Authorization – Is It Really Worth It?

For those of us who offer specialty services, we are often faced with the laborious task of completing prior authorization for patient visits. Authorization is very straight-forward – it either leads to visits approved and payment, or denials. In a 2013 study published by the Journal of the American Board of Family Medicine, it was determined that prior authorization tasks can cost up to $3,430 per full-time physician. With all of the time and money we pour into authorization, many of us are asking ourselves – is it really worth it?

As a manager overseeing the practice management operations for a network of outpatient private physical and occupational therapy practices, I am one of the first ones to say that although prior authorizations cost us a lot, this service is necessary. Authorization not only determines whether or not we will be paid for services, but it also greatly impacts the patient’s experience and perception of our practice(s).

Patients come to us in the most venerable times of their lives – when they are sick and/or in pain. The last thing they want to worry about is whether or not their insurances will approve their treatment. They need someone else to work for them on their behalf; someone they can trust. When you dedicate yourself to ensuring patient visits are authorized, you are giving your patients further confidence in your practice and create raving fans, excited to share their experience with others.

Taking a look on the flip side, if you don’t successfully complete prior authorizations, visits are not approved and your patients are forced with the choice of self-discharging or paying for services out-of-pocket. This not only hurts your reimbursement (collections from patients are harder to obtain and most often, you will need to provide a payment plan or discount services), but can greatly harm your credibility. Unfortunately, patients are more likely to share negative experiences with others than positive ones. In fact, it takes 13 positive comments to make up for one negative one. And in today’s world, these negative comments are available online and easily found by other patients seeking a provider. I guarantee you don’t want to be labeled as “the expensive practice who couldn’t work with my insurance company even though they were in-network” to these potential patients.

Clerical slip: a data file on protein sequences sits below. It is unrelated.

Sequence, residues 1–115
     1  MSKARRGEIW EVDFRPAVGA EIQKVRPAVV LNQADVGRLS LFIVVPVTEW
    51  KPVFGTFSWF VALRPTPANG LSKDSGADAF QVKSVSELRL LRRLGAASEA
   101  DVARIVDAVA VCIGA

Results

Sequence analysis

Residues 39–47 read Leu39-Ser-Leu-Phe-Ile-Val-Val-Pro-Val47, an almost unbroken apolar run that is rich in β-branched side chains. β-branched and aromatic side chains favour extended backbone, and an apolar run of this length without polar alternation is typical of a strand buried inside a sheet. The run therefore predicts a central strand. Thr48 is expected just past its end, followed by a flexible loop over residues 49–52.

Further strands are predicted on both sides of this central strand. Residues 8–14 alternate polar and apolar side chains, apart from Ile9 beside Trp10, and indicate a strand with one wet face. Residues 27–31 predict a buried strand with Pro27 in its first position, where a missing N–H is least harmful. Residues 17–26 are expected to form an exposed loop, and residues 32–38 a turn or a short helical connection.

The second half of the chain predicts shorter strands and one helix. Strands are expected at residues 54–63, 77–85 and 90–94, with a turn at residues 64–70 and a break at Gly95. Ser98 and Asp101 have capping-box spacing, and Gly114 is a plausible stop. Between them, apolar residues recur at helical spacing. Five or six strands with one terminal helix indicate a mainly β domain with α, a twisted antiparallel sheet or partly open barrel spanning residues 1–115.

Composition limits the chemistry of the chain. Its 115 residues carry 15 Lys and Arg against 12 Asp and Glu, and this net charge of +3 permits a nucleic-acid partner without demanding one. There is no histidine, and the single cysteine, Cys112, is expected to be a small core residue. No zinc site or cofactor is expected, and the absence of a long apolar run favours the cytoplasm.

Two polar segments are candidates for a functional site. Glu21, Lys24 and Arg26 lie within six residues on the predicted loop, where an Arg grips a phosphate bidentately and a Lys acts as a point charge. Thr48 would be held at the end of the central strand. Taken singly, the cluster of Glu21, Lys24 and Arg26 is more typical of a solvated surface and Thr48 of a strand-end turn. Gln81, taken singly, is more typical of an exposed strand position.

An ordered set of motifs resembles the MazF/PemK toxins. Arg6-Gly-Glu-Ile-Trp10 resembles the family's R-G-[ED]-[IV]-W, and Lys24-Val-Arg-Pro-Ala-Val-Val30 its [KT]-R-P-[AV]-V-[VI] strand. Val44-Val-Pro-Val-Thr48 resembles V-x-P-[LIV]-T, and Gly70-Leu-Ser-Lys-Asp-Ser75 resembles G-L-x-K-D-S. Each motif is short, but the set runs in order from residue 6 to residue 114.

So, how can we make such a labor-some process easier for us and still be successful? Luckily, we live in the age of technology. Several EMR solutions offer tracking or color-coding to remind you and providers of upcoming authorizations. Check into your solution to see if this is an option for you. In addition, the individual manning the front desk can be a back-up and assist in teeing up you and/or providers of a patient’s authorization need or status. This second pair of eyes will help you stay on schedule and not overlook any patients. Lastly, educate all providers on the importance of documenting the necessity for skilled medical care, as this will greatly impact the authorization decision. Providers must realize that it is their responsibility to the patient to complete their documentation fully. In essence, they are accountable for the authorization decision.

Patients are dependent upon our commitment to their care. Yes, it may cost a lot in labor to complete prior authorizations, but it is worth the confidence boost we give our patients. When they feel like we are their advocate, working for them, they will become raving fans and lifelong customers. Prior authorization impacts not only our financial stability, but also our credibility.